- Dec 2022
My freely downloadable Beginning Mathematical Logic is a Study Guide, suggesting introductory readings beginning at sub-Masters level. Take a look at the main introductory suggestions on First-Order Logic, Computability, Set Theory as useful preparation. Tackling mid-level books will help develop your appreciation of mathematical approaches to logic.
This is a reference to a great book "Beginning Mathematical Logic: A Study Guide [18 Feb 2022]" by Peter Smith on "Teach Yourself Logic A Study Guide (and other Book Notes)". The document itself is called "LogicStudyGuide.pdf".
It focuses on mathematical logic and can be a gateway into understanding Gödel's incompleteness theorems.
I found this some time ago when looking for a way to grasp the difference between first-order and second-order logics. I recall enjoying his style of writing and his commentary on the books he refers to. Both recollections still remain true after rereading some of it.
It both serves as an intro to and recommended reading list for the following: - classical logics - first- & second-order - modal logics - model theory<br /> - non-classical logics - intuitionistic - relevant - free - plural - arithmetic, computability, and incompleteness - set theory (naïve and less naïve) - proof theory - algebras for logic - Boolean - Heyting/pseudo-Boolean - higher-order logics - type theory - homotopy type theory
- mathematical logic
- type theory
- nonclassical logic
- homotopy type theory
- Peter Smith
- incompleteness theorems
- Nov 2022
Hashie does not have built-in support for coercing boolean values, since Ruby does not have a built-in boolean type or standard method for coercing to a boolean. You can coerce to booleans using a custom proc.
You can do searches that exclude certain labels. That is, searches like this will do what you expect: (label:MyLabel1 AND NOT label:inbox AND NOT label:MyBadLabel1) That search will show you only messages that: Do have MyLabel1 And do not have label inbox And do not have label MyBadLabel1 The tricks are: to get yourself out of conversation mode! (As @Ruben says above.) to use UPPER CASE for the logic operators (AND NOT will work, and not won't) If you leave "conversation mode" on, you will get confusing results. For example, doing that search above (with conversation mode on), will likely return messages that do NOT match your search. It may be a bit weird. Here's the deal: Conversations are collections of messages that all have the same Subject. When "conversation mode" is on, searches return entire conversations as results. So what should gmail search do if a conversation contains both a message that matches, and a message that does not match your search? You are probably expecting it to return conversations only if all messages in that conversation match. But that is not correct. Instead, Gmail search will return conversations even if only a single message in that conversation matches. So that means that if you do the same search above with "conversation mode" on, the results are likely to include messages that do not match your search!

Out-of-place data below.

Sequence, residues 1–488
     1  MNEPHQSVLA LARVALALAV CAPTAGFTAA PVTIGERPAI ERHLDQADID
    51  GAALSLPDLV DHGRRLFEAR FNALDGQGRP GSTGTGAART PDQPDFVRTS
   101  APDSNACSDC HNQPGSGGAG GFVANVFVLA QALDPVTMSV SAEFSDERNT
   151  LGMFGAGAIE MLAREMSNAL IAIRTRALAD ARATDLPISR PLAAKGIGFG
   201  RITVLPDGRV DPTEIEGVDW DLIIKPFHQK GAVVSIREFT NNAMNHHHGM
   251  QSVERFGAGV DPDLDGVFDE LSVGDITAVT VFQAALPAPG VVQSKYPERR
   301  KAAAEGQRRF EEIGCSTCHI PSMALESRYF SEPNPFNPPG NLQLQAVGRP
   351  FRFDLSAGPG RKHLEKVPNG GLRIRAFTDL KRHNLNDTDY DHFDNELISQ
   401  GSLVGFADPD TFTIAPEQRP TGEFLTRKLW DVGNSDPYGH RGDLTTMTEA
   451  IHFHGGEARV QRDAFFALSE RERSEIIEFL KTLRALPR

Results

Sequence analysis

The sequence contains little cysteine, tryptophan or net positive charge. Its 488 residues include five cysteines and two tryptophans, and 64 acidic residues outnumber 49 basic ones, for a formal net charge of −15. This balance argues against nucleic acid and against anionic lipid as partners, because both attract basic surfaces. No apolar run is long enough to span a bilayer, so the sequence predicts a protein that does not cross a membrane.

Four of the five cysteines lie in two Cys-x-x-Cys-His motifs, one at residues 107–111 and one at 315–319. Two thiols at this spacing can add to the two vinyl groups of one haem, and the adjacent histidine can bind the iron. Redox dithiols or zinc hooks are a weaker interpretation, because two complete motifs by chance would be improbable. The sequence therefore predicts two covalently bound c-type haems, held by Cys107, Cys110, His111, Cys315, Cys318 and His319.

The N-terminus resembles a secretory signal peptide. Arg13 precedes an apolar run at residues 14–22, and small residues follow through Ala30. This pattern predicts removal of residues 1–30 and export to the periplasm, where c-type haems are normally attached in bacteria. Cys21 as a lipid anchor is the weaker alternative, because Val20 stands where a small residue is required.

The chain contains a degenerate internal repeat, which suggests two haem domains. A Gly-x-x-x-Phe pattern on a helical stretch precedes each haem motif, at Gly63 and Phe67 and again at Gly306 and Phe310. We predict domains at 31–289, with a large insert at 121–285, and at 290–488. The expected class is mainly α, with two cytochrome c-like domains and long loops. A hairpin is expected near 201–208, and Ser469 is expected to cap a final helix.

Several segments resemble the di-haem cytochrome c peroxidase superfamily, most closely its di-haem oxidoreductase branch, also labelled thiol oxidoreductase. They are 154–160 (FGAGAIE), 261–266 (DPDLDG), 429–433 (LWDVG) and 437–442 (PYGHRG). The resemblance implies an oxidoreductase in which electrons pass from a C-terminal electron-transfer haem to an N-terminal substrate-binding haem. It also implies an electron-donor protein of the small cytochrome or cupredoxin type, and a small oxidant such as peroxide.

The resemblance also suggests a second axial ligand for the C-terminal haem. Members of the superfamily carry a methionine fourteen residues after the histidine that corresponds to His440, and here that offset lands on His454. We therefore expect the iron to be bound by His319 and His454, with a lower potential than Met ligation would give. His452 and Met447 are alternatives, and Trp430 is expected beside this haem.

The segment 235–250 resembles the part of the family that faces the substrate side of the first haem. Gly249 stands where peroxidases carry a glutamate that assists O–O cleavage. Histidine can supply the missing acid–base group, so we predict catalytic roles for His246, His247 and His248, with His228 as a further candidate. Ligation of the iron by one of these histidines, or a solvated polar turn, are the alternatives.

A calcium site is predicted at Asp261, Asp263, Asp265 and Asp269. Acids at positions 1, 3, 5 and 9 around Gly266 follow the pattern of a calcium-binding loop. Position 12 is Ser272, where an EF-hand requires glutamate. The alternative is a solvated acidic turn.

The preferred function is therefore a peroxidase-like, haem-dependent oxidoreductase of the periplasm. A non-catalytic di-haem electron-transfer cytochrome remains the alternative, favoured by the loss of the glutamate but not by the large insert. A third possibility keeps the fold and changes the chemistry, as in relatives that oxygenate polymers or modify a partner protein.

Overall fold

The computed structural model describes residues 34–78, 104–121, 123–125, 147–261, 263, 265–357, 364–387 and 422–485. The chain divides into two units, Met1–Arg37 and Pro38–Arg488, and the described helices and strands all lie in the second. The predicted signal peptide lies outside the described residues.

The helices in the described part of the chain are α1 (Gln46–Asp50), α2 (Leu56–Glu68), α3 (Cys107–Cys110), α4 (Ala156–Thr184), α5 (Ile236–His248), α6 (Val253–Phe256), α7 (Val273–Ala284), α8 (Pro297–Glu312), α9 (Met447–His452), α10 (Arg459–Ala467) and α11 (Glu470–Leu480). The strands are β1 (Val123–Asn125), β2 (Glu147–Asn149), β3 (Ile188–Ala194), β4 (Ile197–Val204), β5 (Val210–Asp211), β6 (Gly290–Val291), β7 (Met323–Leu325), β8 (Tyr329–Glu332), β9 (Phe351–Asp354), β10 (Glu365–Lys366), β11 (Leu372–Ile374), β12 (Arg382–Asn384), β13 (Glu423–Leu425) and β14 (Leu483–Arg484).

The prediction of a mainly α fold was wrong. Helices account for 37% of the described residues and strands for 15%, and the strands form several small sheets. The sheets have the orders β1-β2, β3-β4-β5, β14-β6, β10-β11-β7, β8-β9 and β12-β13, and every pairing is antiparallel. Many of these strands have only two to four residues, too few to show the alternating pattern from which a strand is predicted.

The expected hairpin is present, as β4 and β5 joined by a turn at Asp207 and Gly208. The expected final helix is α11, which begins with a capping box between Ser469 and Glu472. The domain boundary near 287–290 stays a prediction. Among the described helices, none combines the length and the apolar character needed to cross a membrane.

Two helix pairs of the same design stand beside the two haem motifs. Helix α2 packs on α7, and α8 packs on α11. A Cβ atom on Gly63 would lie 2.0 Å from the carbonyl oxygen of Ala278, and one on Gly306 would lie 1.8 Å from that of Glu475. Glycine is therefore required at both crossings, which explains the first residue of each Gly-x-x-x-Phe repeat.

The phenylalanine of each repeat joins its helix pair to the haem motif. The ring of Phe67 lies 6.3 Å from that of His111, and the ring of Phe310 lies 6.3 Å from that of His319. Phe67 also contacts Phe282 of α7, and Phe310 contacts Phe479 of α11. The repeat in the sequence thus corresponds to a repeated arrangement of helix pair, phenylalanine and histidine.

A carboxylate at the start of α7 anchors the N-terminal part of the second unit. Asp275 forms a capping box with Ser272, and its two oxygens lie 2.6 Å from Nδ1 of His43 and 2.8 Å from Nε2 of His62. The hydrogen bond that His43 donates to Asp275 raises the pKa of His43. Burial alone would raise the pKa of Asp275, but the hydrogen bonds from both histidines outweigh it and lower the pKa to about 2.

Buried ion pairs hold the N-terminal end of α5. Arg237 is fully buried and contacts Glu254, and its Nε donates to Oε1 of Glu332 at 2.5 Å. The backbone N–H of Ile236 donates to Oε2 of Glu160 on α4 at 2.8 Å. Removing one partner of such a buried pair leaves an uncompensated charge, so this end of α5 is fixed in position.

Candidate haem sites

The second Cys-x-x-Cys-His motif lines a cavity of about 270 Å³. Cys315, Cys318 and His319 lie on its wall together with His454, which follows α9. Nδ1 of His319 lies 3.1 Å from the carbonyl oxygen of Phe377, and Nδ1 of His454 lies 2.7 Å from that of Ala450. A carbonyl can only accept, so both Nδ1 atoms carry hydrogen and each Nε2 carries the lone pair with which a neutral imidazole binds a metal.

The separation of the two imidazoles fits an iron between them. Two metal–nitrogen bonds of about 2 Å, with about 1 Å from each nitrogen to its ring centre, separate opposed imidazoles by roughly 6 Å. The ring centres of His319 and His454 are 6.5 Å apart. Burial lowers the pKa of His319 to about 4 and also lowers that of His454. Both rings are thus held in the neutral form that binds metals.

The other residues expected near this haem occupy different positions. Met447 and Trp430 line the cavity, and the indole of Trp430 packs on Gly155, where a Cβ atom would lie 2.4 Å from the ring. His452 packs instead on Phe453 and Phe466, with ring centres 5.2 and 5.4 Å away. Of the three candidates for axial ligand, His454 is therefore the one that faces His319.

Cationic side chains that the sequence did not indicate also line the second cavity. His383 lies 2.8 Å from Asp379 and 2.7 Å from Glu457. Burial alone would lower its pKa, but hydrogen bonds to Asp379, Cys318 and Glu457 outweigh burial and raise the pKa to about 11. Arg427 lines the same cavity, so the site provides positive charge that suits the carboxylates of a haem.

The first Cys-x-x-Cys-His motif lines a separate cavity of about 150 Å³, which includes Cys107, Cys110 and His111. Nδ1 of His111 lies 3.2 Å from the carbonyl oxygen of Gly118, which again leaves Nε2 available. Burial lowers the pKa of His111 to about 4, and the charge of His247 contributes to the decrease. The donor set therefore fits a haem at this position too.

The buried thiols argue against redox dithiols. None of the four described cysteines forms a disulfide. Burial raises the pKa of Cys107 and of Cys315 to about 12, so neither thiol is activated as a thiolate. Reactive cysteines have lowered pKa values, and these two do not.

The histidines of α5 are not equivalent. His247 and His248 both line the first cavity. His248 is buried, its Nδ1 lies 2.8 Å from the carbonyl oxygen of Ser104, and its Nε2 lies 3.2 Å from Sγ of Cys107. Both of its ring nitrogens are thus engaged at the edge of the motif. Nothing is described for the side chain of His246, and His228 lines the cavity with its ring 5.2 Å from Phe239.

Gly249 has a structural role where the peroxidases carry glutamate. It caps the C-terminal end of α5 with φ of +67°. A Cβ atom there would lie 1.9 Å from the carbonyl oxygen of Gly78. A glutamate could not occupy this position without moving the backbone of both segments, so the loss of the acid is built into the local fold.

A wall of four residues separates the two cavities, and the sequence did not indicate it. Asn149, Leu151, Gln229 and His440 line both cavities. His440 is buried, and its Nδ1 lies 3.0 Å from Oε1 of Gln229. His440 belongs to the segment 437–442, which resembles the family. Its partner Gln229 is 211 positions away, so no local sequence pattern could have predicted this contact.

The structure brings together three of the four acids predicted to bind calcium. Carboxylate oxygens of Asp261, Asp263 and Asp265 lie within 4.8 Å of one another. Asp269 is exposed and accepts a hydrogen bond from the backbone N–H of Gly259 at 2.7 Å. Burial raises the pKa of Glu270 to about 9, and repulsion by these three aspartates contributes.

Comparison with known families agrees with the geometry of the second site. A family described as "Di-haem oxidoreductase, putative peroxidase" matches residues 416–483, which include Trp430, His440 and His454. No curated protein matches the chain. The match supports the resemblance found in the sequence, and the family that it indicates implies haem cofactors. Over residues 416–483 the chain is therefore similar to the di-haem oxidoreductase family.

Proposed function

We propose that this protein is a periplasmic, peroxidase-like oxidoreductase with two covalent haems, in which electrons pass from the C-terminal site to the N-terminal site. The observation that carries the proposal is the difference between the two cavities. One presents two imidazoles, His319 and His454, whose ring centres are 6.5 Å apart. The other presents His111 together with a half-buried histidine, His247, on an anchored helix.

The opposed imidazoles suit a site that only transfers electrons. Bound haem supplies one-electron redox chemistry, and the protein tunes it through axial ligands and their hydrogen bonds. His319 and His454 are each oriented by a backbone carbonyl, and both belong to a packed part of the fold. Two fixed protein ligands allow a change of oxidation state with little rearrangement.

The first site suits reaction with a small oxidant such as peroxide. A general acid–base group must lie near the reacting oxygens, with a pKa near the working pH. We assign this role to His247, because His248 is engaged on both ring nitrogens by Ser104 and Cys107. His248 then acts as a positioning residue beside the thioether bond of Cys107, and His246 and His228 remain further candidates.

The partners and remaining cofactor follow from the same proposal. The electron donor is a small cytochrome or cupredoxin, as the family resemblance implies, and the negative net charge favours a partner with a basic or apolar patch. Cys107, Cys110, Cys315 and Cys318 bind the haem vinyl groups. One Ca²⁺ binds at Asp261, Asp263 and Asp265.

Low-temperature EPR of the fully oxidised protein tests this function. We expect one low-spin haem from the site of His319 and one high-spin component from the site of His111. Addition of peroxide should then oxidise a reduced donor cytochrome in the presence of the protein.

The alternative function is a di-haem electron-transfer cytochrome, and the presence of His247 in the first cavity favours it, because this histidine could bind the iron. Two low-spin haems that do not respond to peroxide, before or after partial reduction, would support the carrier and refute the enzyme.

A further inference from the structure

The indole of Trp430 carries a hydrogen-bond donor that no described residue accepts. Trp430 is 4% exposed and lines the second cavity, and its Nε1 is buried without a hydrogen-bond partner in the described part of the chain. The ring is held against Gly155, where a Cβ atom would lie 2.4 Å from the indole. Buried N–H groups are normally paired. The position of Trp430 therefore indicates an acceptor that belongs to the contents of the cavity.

I came here looking for a way to exclude certain emails from searches in Gmail. I was trying to make sure some emails that were archived don't show up, and this approach works (but the Boolean operators must be capitalized):
(label:label_I_want AND NOT label:label_I_dont)
If the unwanted label msgs are a part of a conversation thread containing the wanted msgs, then I'll need to turn this off first:
Go to the main Settings page, look for the “Conversation View” section, select the option to turn it off, and save changes. If you change your mind, you can always go back. source
- Oct 2022
Note that one extra type that is accepted by convention is the Boolean type, which represents both the TrueClass and FalseClass types.
Synopsis: Maggie Delano looks at some of the affordances supplied by Tana (compared to Roam Research) in terms of providing better block-based user interface for note type creation, search, and filtering.
These sorts of tools and programmable note implementations remind me of Beatrice Webb's idea of scientific note taking or using her note cards like a database to sort and search for data to analyze it and create new results and insight.
It would seem that many of these note taking tools like Roam and Tana are using blocks and sub blocks as a means of defining atomic notes or database-like data in a way in which sub-blocks are linked to or "filed underneath" their parent blocks. In reality it would seem that they're still using a broadly defined index card type system as used in the late 1800s/early 1900s to implement a set up that otherwise would be a traditional database in the Microsoft Excel or MySQL sort of fashion, the major difference being that the user interface is cognitively easier to understand for most people.